Milk for Mammals
Milk is the sole source of nutrition for young mammals up until weaning. The composition of milk is very different for each species, depending on the different physiological requirements of the growing young. Click on the links below for our range of species-specific milk replacers, each based on the composition of the natural mother's milk.
Bat Milk Replacer
Wombaroo Bat Milk Replacer is a nutritionally balanced milk substitute for orphaned microbat (insectivorous bat) pups.
- Specifically formulated to match the composition of microbat milk
- Elevated fat content to provide the high energy requirement of bat pups.
- High in protein to cater for the rapid growth rate of microbat pups.
Whole milk solids, whey protein, casein, vegetable oils, omega-3 and omega-6 fatty acids, taurine, vitamins A, B1, B2, B3, B5, B6, B9, B12, C, D3, E, K, biotin, choline, inositol, calcium, phosphorus, potassium, sodium, magnesium, zinc, iron, manganese, copper, iodine, selenium.
Powder Milk when reconstituted Protein 34% 114g/Litre Fat 43% 150g/Litre Carbohydrate 13% 42g/Litre Ash 5.0% 17g/Litre Calcium 1.3% 4.3g/Litre Metabolisable Energy (ME) 25 MJ/kg 8000 kJ/Litre
165g (makes 500mL)
Success in hand-rearing greatly improves if bat pups receive colostrum at birth. Pups that don’t get colostrum from the mother can be fed Impact Colostrum Supplement. Commence feeding Bat Milk Replacer after the initial feeds of colostrum.
Making up Milk
To make 20mL of milk: Add 6.5g of powder (1 level scoop) with 15ml of warm water.
To make 100mL of milk: Add 33g of powder (5 scoops) with 70ml of warm water.
Add half the water to the powder first and mix to a paste. Then add the remaining water and mix thoroughly. Pre-boil the water to ensure that it is sterilised. If the water is too hot it can cause the milk to curdle. If it is too cold then it will be difficult to disperse the powder. Wombaroo contains elevated fat levels, so the milk needs to be well mixed to prevent it from separating out. An electric whisk can be used for mixing. Milk can be stored in the fridge for a day or can be frozen for up to two weeks. It is useful to make up milk in larger quantities and store it frozen in small portions (eg ice cube trays), so that the required daily feed volumes can be easily thawed out. Once thawed out, discard any unused milk, and wash feeding utensils thoroughly.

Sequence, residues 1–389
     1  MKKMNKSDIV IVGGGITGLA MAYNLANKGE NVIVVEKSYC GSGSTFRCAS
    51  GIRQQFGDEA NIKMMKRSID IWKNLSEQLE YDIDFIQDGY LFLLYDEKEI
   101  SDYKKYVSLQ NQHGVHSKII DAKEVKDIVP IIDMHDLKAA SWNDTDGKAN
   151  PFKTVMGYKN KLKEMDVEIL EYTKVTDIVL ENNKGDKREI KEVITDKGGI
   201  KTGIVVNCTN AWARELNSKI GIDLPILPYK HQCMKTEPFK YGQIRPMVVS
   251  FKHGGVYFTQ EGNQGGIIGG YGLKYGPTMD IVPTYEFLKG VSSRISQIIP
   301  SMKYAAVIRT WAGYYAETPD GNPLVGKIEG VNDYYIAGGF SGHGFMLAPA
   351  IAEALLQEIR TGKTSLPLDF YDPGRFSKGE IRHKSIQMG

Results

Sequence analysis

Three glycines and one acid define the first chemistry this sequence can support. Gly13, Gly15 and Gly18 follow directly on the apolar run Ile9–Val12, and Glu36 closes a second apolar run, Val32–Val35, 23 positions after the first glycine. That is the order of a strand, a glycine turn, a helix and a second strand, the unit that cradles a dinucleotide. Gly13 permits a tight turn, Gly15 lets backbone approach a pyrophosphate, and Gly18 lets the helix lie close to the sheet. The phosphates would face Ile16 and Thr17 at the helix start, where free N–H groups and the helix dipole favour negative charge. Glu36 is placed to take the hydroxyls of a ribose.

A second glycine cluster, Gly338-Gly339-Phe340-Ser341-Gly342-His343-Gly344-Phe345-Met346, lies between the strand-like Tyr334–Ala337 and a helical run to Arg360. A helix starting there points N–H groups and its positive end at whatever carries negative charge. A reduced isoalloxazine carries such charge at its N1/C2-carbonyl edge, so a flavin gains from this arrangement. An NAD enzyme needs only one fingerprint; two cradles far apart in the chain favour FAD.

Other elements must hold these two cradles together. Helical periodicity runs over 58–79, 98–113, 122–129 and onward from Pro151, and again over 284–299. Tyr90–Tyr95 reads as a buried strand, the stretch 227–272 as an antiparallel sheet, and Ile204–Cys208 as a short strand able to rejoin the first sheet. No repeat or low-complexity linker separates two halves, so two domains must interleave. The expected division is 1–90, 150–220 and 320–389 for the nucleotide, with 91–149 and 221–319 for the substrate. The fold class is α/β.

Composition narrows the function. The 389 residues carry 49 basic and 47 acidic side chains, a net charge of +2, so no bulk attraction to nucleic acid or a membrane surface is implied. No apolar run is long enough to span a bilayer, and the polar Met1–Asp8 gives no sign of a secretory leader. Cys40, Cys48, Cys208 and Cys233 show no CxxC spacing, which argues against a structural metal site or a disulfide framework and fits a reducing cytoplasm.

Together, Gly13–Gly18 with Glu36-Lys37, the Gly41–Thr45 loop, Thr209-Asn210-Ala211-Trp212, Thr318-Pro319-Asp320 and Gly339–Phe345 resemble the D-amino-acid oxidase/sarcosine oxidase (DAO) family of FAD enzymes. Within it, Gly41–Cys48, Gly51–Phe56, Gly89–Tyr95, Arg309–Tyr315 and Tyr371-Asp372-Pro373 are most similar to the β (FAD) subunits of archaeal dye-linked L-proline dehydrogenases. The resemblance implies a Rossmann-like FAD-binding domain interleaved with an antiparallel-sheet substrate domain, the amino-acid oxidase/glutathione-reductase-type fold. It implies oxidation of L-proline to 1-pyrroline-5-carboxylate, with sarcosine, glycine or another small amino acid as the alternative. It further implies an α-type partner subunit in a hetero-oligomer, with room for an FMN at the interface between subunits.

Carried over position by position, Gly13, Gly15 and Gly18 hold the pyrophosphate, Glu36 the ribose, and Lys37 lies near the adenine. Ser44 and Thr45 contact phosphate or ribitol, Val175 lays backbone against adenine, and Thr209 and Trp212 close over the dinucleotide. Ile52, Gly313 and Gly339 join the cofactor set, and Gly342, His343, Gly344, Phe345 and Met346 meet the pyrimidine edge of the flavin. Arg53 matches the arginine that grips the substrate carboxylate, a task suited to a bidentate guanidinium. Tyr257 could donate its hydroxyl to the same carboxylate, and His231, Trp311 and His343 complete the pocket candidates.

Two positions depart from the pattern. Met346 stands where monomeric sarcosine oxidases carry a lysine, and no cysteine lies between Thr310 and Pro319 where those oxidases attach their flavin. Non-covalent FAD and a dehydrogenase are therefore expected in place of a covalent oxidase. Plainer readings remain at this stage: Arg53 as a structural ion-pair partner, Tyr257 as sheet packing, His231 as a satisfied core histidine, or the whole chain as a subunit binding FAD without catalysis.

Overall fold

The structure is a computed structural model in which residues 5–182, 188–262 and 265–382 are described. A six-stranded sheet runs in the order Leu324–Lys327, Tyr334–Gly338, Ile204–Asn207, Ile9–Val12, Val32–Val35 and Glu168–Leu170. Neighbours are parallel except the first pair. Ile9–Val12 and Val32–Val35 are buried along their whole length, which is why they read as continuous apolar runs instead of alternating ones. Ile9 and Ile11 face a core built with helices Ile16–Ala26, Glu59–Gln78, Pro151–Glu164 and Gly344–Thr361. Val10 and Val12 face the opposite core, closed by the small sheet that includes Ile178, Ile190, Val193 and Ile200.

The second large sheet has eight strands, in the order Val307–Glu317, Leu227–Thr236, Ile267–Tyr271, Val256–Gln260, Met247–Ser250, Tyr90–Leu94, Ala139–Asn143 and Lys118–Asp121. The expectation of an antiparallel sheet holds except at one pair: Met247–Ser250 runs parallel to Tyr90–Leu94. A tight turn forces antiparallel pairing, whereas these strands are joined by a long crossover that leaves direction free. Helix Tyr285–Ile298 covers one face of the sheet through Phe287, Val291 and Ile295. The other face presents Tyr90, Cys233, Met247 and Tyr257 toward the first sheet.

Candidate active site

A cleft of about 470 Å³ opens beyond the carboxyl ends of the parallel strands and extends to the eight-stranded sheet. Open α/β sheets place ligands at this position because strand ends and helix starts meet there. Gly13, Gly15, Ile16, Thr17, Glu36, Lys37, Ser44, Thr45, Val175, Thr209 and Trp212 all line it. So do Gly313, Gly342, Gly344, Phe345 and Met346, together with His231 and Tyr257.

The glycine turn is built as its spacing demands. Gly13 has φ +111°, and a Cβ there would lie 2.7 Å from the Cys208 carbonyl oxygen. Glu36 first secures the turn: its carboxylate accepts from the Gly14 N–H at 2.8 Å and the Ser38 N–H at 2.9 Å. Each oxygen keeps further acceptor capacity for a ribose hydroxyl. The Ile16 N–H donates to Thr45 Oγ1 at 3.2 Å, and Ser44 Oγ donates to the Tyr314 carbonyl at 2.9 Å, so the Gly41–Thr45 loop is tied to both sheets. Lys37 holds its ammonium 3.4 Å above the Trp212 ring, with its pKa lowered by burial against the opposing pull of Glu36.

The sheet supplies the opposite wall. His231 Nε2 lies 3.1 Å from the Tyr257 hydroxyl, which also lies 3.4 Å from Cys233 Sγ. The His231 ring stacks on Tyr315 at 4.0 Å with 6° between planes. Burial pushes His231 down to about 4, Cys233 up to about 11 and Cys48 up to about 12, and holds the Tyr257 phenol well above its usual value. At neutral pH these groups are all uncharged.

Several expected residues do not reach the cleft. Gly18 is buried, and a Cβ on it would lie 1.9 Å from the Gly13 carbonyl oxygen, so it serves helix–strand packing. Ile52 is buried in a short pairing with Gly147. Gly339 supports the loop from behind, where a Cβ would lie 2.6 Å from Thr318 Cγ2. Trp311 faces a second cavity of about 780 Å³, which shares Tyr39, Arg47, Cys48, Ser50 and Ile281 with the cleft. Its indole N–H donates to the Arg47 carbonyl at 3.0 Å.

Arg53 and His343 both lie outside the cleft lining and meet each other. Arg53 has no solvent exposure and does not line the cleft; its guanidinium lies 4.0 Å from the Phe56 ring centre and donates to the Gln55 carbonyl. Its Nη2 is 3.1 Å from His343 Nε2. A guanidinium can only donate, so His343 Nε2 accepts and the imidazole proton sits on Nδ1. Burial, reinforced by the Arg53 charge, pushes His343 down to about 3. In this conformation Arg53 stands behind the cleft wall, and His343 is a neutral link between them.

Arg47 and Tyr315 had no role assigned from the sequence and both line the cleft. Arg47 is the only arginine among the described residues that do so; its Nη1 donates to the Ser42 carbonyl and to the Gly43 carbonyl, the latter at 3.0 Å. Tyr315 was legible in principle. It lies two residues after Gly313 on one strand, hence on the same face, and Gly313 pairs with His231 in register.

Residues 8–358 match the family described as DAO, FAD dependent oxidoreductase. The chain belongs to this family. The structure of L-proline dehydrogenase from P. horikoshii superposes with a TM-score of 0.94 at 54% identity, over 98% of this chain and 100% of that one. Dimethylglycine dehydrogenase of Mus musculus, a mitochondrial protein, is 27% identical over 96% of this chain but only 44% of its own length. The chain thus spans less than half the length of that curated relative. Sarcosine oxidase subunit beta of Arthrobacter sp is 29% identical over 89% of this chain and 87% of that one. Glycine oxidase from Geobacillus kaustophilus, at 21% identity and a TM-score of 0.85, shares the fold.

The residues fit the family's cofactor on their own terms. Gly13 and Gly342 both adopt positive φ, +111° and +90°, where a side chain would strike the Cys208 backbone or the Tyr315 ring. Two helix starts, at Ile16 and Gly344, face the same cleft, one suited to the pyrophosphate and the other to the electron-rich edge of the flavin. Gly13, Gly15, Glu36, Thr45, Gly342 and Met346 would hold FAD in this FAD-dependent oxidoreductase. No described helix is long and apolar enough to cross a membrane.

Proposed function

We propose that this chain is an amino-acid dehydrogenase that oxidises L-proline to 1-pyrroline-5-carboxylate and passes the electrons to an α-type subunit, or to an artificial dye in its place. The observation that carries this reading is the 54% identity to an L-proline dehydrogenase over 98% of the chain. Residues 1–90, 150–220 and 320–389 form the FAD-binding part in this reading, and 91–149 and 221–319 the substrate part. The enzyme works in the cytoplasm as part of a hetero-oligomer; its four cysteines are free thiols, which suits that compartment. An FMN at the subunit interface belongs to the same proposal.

Pups should be warmed by hand before feeding. Warm milk to about 35°C. Feed from a dropper or catheter & syringe every 2 hours for the first 3 days, reducing this to every 3 hours by the end of the first week. Stimulate pups to defecate and urinate after each feed. To avoid dehydration during periods of hot weather provide drinks of pre-boiled water between feeds. Always offer drinking water once bat pups become mobile. Consult your veterinarian or specialist wildlife carer for particular advice about caring for microbat pups.
Different species of bats have different growth rates. It is important to weigh pups regularly on an accurate set of scales (to nearest 0.1g) to verify weight gains and determine the volume of milk to feed. Overfeeding milk can cause diarrhoea so feed the suggested volumes in our tables.
When pups are about 3-4 weeks old they may begin to show interest in solid food. To entice them to eat solids offer small mealworms or fly pupae with the heads removed. Once they start to eat solid food continue to increase the solids and reduce the milk in their diet until they are fully weaned at about 6-8 weeks (depending on species). Bats may be encouraged to eat Wombaroo Small Carnivore Food, made up as a moist crumble, supplemented with live insects. Feeder Insects can be supplemented Insect Booster to improve their nutritional quality.
0.5 0.3 3.5 1.1 8 2.0 18 3.6 1.0 0.5 4.0 1.2 9 2.2 20 3.9 1.5 0.6 4.5 1.3 10 2.4 22 4.1 2.0 0.7 5.0 1.4 12 2.7 24 4.4 2.5 0.9 6.0 1.6 14 3.0 28 4.9 3.0 1.0 7.0 1.8 16 3.3 32 5.4